Light and regular peanut butter are two popular peanut butter variants in the market. You can easily notice the reduced peanut flavor in light peanut butter, but what really makes light peanut butter light?

Light peanut butter is considered light because it has a relatively lower fat content than regular peanut butter. Light peanut butter contains four grams (14 oz) less fat for each two-tablespoon (28.3-gram or one-ounce) serving. 

Is light peanut butter healthier than regular peanut butter because of its lower fat content? Let’s find out.

Is Light Peanut Butter Healthier?

Because less fat means fewer calories, you might be inclined to think that light peanut butter is a healthier option. You might be surprised to learn that this isn’t the case. 

Light peanut butter isn’t necessarily healthier than regular peanut butter. It has less monounsaturated fat, contains more sugar and salt, has more calories, and has more hydrogenated oils than regular peanut butter. All of these things mean that light peanut butter is actually not all that healthy.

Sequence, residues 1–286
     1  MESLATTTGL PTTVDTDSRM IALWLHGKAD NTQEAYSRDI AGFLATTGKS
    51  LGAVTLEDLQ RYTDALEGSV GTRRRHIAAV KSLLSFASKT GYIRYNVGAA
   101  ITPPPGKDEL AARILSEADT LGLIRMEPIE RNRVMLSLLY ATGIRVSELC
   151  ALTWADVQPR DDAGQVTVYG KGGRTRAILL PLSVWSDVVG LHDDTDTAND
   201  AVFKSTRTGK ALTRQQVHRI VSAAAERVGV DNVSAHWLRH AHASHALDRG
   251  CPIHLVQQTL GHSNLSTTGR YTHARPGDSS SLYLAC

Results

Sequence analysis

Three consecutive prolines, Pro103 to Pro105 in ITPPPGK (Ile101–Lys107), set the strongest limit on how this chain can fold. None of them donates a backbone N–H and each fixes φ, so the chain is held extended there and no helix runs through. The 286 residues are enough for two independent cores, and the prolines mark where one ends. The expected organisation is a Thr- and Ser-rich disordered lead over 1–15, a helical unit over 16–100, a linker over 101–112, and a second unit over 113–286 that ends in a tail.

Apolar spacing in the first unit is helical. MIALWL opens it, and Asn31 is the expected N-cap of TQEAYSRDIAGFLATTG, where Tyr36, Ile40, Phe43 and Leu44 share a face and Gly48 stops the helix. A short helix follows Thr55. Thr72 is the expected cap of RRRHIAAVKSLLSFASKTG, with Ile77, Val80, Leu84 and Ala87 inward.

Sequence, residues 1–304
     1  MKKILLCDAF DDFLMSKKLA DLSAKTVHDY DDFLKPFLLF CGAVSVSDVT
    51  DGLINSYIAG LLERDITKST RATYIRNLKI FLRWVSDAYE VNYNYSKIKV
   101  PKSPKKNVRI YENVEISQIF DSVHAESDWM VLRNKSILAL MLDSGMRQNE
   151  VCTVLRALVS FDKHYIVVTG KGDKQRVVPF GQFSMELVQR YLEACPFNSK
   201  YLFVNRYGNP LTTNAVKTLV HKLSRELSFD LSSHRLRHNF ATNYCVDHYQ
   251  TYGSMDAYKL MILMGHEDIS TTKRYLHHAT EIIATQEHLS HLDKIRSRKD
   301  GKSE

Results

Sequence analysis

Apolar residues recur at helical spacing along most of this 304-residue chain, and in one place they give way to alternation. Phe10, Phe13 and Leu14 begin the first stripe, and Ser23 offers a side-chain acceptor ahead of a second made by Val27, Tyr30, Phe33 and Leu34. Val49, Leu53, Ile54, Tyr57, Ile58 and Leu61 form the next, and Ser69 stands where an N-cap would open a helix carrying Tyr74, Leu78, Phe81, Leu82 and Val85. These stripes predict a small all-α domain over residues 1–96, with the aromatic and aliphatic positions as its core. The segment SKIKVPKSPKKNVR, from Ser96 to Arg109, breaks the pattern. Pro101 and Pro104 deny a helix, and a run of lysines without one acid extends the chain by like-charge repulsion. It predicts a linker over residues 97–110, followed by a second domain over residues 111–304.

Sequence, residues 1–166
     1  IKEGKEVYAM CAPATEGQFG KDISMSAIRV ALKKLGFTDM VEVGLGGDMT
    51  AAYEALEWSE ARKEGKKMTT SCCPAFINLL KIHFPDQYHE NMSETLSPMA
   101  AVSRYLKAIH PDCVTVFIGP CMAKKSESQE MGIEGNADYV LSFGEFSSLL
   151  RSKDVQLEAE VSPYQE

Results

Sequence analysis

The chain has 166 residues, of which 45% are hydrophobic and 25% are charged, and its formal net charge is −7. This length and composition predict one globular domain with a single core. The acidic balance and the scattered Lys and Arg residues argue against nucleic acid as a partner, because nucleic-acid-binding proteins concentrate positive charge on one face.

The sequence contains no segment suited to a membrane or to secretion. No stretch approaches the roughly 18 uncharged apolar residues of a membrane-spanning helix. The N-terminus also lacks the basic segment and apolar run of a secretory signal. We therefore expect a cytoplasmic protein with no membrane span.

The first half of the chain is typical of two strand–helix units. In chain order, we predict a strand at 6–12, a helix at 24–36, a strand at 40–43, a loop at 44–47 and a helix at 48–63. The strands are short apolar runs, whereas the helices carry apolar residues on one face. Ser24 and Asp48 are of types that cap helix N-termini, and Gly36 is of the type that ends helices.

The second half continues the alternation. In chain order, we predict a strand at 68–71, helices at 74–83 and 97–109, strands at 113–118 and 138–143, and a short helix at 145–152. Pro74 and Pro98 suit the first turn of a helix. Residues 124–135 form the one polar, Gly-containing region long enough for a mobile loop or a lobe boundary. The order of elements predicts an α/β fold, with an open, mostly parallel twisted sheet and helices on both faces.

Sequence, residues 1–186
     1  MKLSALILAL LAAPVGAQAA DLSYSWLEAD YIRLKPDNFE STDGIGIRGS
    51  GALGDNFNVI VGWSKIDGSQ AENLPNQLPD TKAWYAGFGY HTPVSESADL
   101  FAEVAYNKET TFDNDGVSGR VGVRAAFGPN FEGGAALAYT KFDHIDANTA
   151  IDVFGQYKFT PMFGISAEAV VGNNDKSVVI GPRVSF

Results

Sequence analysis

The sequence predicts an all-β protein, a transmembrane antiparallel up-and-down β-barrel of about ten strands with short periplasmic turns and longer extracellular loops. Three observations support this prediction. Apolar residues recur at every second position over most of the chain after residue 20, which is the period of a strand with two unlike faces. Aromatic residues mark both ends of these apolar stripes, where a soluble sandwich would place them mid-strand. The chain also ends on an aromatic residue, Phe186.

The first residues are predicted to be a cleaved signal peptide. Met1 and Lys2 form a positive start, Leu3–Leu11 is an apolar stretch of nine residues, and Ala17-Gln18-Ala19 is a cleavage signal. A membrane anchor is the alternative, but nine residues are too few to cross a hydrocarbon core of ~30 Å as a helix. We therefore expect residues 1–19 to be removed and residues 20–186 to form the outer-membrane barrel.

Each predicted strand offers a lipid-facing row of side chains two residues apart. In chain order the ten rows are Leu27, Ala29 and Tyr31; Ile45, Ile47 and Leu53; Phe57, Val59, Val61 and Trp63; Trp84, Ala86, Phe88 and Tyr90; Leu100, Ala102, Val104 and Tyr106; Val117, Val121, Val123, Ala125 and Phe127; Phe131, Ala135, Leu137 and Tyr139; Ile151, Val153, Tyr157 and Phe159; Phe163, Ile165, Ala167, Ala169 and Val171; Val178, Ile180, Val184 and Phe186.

Let’s explore each of these in more detail.

Light Peanut Butter Has Less Monounsaturated Fat

Peanut is rich in monounsaturated fat, which is essentially a heart-healthy fat. So having less of it isn’t such a good idea. Monounsaturated fats reduce LDL cholesterol levels while raising HDL cholesterol in the body. 

LDL cholesterol, popularly known as bad cholesterol, stands for low-density lipoprotein and is a risk factor for coronary heart diseases. High LDL cholesterol levels increase cholesterol accumulation in your arteries. 

Conversely, HDL cholesterol, also known as good cholesterol, stands for high-density lipoprotein. HDL does not build up cholesterol in the arteries like LDL cholesterol; instead, HDL transfers cholesterol from other parts of your body to your liver, where it can be excreted.